According to Stats Canada, personal savings in Canada averaged 7.76 percent from 1961 until 2020, reaching an all time high of 28.20 percent in the second quarter of 2020, during the pandemic. Have your savings increased in the past year? Whether you’re saving for retirement, a down payment on a home, or your kids’ higher education, these five strategies will help get your funds to where they need to be.
1. What Are You Saving For?
Determine your short-term, mid-term and long-term goals.
For example: Emergency fund as a short-term goal; Down payment as a mid-term or long-term goal; Retirement as a long-term goal.
TIP: Stock your emergency fund with at least three-six months’ expenses before ramping up on other savings goals!
2. Set a Timeline
How much will you save and when will you need it? Be as specific as possible about your timeline, so that you can work backwards to set a plan in order to get there. If you have a roadmap in place of where and when you want to get there, it will be easier to get to your destination.
For example: By 2026, I will save $35,000 for a down payment on a home.
3. Build Your Savings Plan
Calculate a monthly savings amount for each goal. Once you know what you want, and when you want it, you can set up that plan to ensure you get there.
Example: Saving $583 per month (or $135 per week) will get you $35,000 in five years for your downpayment.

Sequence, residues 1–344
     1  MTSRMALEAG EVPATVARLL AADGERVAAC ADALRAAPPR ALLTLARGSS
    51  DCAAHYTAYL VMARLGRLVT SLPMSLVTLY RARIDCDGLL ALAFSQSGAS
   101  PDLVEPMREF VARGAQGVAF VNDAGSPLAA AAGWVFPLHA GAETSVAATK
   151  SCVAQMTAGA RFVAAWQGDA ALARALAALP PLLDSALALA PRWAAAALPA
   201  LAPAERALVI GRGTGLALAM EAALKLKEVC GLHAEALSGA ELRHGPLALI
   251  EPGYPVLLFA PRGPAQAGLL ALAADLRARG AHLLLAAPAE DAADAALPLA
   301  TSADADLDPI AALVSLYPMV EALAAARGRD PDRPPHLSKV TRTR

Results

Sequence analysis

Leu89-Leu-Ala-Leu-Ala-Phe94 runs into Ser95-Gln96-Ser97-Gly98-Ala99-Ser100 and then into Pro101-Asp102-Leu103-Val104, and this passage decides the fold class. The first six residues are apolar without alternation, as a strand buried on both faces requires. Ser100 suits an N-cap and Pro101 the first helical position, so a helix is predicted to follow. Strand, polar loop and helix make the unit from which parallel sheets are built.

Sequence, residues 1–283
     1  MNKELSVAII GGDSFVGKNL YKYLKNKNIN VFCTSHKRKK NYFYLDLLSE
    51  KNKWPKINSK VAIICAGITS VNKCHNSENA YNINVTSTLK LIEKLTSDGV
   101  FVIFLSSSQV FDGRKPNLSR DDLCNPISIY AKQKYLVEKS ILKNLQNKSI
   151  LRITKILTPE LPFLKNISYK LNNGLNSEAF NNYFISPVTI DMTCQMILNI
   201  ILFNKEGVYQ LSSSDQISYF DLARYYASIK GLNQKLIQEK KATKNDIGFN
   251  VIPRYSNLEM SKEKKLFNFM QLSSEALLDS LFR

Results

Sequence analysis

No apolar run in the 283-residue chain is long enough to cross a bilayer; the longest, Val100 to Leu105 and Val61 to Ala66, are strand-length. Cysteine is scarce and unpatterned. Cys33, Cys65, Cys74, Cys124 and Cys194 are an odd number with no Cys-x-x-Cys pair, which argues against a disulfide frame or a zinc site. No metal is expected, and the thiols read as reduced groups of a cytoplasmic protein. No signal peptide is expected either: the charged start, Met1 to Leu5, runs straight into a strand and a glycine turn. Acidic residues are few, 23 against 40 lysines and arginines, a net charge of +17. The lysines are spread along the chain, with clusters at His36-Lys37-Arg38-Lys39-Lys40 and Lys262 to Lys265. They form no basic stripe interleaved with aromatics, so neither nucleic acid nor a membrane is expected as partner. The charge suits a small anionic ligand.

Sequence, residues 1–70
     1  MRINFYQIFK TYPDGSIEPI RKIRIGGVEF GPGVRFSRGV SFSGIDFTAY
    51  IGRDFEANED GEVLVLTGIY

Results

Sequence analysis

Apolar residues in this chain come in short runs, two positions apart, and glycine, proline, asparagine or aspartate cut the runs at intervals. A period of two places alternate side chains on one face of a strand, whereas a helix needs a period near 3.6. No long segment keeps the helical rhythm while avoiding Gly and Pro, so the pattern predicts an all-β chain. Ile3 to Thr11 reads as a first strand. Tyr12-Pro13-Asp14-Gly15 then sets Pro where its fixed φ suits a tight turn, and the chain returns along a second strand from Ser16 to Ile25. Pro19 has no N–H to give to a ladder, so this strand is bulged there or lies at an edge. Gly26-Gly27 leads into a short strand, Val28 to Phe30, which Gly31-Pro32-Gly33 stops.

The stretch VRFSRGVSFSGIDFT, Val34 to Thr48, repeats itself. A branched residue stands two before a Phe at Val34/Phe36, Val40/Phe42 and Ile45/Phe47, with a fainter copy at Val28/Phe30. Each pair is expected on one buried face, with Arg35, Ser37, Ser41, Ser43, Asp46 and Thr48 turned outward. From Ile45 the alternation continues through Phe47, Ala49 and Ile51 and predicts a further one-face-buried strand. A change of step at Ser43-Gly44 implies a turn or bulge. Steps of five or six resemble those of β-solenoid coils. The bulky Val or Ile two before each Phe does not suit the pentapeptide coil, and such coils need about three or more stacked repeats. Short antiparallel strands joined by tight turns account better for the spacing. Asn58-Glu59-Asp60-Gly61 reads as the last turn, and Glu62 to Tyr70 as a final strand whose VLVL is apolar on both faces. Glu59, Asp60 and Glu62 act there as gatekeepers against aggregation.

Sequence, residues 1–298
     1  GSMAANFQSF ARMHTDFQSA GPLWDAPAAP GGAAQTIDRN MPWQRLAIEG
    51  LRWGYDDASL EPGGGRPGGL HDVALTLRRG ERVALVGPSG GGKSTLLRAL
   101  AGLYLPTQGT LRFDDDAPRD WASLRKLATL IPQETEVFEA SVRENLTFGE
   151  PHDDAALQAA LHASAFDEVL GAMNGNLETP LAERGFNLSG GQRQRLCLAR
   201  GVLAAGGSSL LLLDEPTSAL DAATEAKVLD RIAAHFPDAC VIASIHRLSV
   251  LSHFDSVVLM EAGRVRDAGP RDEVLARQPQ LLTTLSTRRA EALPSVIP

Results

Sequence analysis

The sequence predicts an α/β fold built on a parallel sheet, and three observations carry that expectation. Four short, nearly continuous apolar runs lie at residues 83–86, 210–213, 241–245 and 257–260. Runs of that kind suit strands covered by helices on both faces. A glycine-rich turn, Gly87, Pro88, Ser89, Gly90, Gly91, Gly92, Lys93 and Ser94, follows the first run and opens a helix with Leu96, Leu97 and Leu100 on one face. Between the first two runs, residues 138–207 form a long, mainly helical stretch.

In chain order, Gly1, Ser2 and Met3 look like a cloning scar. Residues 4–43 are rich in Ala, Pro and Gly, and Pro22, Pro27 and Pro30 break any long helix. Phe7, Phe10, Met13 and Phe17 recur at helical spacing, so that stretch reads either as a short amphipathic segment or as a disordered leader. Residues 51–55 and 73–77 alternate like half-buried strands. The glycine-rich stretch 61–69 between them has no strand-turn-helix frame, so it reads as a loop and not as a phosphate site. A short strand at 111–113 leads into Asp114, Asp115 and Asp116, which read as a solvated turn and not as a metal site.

4. Create a Budget
Add the total monthly savings goals to your budget. If it’s more than you can afford, consider making a few cuts, adding extra income or choosing a higher-yield savings vehicle.
5. Choose the Right SAVINGS TOOL
A traditional savings account isn’t your only option when it comes to growing your savings. Find out which savings tool will get you the most bang for your buck!
1. Short Term Savings Vehicles
High-Interest Savings Accounts → Pays more interest than traditional savings accounts.
GICs (Guaranteed Investment Certificates) → Must leave funds in for full-term to avoid early withdrawal penalties in most cases.
Tax-Free Savings Account (TFSA) → This is my favourite vehicle because you can earn tax-free interest on savings up to the contribution limit. Your savings can be placed in a high-interest savings account or GICS, or invested in mutual funds or ETFs.
2. Saving for Higher Education
RESPs (Registered Education Savings Plan) → Must be used for educational purposes only. The government will match contributions 10-20% depending on your income.
3. Saving for Retirement
RRSP (Registered Retirement Savings Plan) → Lets you make regular contributions and earn compound interest as you save for retirement.
Need help saving for your goals? Give me a shout, and I would be happy to refer you to an excellent finance professional who can get you started or help you in your journey.